Pussy Galore on ‘The Uncle Floyd Show’
04.17.2014
07:55 am

Topics:
Music
Punk
Television

Tags:
Pussy Galore
Uncle Floyd


 
In a just world, Floyd Vivino would be a very famous man. He was the titular “uncle” of New Jersey’s Uncle Floyd Show, a cheap and brilliant kid’s show parody that aired for over 20 years starting in 1974—beating Pee-wee Herman to the punch by a pretty good length—and was even syndicated nationally for a hot minute in the early ‘80s.

Vivino’s show was known for chaos, unpredictability, puppets, and completely weird musical guests. The timing of his initial appearance and the gonzo nature of his act won him some fans in the nascent punk scene, and so he was championed by the likes of The Ramones and even David Bowie (who paid tribute in song in 2002), and welcomed guests like David Johansen, the Misfits, Smithereens, even Tiny Tim.

Also, Pussy Galore. Seriously. Pigfuck’s demented champions of classic-rock-as-corrosive-scum-noise appeared on The Uncle Floyd Show, in what must have been 1987 if the Pussy Gold 5000 EP Floyd plugs was a new release at the time, which seems likely, as that record contains the song they “perform” here. So enjoy a pre-respectable Jon Spencer, not even trying to pretend like he gives a shit about lip-synching in this gloriously shambolic farce.
 

 
Many thanks to Gerard Cosloy for this find.

Posted by Ron Kretsch | Discussion
The Idiot: Iggy Pop totally charms square daytime TV audience, 1977
04.16.2014
10:45 am

Topics:
Music
Punk
Television

Tags:
David Bowie
Iggy Pop


 
Iggy Pop’s classic album, The Idiot, is now 37 years old. It still sounds as good today as when it was released in spring of 1977, although the times have caught up to it. Somewhat at least.

Produced by David Bowie, who co-wrote all of the songs with Iggy, save for one (Bowie’s longtime guitarist Carlos Alomar co-wrote “Sister Midnight), The Idiot has very little in common with the rest of the Igster’s output, even his next record, Lust for Life, also produced in collaboration with Bowie. No, The Idiot‘s Teutonic-sounding industrial drone had almost no connection whatsoever to the sound of The Stooges, or really even most things of that era, come to think of it.

Bowie’s own Low album had just come out in January and was considered mind-blowing, even controversial at the time. The Idiot, released just a few weeks later (but mostly recorded first), was an equally chilly-sounding affair, but way darker and with a much bigger whomp. It’s sort of the perfect marriage of their talents.

As Bowie told Kurt Loder in 1989:

Poor Jim, in a way, became a guinea pig for what I wanted to do with sound. I didn’t have the material at the time, and I didn’t feel like writing at all. I felt much more like laying back and getting behind someone else’s work, so that album was opportune, creatively.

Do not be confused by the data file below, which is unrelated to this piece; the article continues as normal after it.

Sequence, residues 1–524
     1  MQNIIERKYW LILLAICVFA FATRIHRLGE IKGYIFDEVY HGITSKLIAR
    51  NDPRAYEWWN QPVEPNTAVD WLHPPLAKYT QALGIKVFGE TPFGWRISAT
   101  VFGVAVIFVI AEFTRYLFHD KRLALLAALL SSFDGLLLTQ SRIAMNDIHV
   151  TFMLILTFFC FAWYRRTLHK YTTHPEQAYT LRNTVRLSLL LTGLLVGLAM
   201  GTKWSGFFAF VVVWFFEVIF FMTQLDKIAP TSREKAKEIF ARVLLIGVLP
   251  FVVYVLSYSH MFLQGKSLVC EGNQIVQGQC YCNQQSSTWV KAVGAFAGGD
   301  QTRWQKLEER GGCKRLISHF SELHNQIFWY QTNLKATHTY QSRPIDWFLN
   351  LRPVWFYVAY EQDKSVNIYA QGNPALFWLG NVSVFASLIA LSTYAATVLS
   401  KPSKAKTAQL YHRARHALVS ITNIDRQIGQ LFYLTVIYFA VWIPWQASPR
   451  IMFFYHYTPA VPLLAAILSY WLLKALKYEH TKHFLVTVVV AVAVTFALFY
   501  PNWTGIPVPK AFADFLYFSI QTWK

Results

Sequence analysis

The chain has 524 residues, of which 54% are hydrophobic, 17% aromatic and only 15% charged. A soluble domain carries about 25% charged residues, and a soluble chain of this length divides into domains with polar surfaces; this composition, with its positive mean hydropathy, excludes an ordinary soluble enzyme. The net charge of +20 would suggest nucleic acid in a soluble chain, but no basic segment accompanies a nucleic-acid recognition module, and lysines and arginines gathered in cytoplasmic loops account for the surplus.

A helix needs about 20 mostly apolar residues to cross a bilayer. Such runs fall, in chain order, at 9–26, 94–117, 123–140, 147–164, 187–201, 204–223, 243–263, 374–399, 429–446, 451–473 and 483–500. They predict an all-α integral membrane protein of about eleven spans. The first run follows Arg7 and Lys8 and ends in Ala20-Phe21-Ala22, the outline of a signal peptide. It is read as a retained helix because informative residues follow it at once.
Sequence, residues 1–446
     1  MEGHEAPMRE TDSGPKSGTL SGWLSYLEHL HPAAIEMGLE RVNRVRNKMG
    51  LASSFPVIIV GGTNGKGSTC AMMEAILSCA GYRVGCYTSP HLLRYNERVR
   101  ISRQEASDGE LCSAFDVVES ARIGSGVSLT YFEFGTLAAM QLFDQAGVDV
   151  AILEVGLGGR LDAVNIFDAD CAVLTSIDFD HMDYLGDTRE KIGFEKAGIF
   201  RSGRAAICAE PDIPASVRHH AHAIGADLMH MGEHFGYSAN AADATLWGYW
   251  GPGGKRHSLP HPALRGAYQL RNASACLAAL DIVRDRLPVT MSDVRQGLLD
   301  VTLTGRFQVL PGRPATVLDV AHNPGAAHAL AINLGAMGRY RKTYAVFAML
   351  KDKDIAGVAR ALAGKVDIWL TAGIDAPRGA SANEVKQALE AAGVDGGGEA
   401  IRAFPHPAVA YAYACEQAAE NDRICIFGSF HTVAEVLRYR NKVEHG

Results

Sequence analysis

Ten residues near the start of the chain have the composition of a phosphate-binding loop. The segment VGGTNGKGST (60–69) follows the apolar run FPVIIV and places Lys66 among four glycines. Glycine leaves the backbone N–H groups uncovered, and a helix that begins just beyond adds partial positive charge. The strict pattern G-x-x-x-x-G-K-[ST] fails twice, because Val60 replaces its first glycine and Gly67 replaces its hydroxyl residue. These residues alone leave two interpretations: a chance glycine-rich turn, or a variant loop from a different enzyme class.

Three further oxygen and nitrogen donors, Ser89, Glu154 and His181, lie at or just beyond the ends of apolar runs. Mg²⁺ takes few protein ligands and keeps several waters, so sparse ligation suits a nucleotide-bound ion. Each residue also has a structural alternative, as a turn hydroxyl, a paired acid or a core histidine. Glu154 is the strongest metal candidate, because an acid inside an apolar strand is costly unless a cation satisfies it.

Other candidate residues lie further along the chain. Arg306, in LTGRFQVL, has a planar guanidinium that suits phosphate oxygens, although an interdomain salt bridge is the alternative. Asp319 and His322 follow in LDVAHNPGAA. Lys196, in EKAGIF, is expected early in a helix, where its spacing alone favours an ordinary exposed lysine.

The Idiot was the first Iggy album that you could easily buy in a small town. I was eleven when it came out and I already owned both Raw Power and a blue vinyl Metallic ‘KO—both purchased unheard via mail order from a Moby Disc Records ad in CREEM magazine, a monthlong round trip—so when I brought The Idiot home from the mall and slapped it on the turntable, I was perplexed at first, but ultimately thrilled. “Dum Dum Boys” and “Mass Production” were my favorite tracks. The druggy, nightmarish vamp “Nightclubbing” was another. I played the shit out of that album.

When Iggy and Bowie toured that spring in support of The Idiot, they made a stop on daytime television’s Dinah! show, hosted by singer Dinah Shore. Bowie had been on Dinah! to promote Station to Station (with fellow guests Nancy Walker and Henry Winkler) and seemed to have a good rapport with Shore, so it was arranged that he would guest with Iggy, who sang a live “Sister Midnight” after Shore introduced him—her show was on at 10am in the TV market I lived in—with a photograph of him covered in blood! Dinah! may have been a middle-of-the-road daytime TV show, but to her credit, Dinah Shore didn’t shy away from asking him about it either (as Bowie laughs and shakes his head “No!”). Shore’s square studio audience, too, seem to actually be charmed by Jimmy Osterberg’s tales of his misspent youth, drug addiction and self-harming, because, hey let’s face it, the man was charisma personified during this delightful chat
 

Posted by Richard Metzger | Discussion
‘Teen Talk’ on early ‘80s L.A. punk
04.11.2014
07:07 am

Topics:
Music
Punk
Television

Tags:


 

I’ve seen beatniks, hippies and flower children. I’ve heard Guthrie, the Beatles and the Stones…

It’s almost poetic, like a dorky, suburban, baby-boom travesty of Howl. Those words, spoken by San Fernando Valley high school teacher Joe Feinstein, introduce the “punk rock” episode of his early ‘80s TV show Teen Talk, one of those grownup-rappin’-on-the-real-with-the young-people shows which every media market seemed to have. For this episode, Feinstein invited “punk rockers and new wavers and all kinds of rock ‘n’ rollers to talk with us about their extreme forms of communication.”

It’s as naively charming as all such shows are, but given the subject, it could have been horrible—was any “punk rock” episode of ANYTHING ever any good? Quincy and After School Special had punk episodes so clueless they remain notorious decades later. So I kind of have to hand it to Feinstein for finding smart kids who listened to credible music. (Name-checks include X, Urban Guerrillas, Siouxsie, Oingo Boingo and TSOL—not bad! I’ve still never heard Meyer Goldstein and his Seven Cockamamies, though…) So while this has a lot of the same goofy naiveté of all such shows, it also contains glimpses into the SoCal punk scene, not from the usual perspective of aging, semi-famous rockers indulging in self-glorification long after the fact, but from fans who were actively checking this stuff out while it was still new, and had the self-awareness to talk about it all intelligently—though one can’t say he got a truly representative sample, as none of his guests seem to be junkies.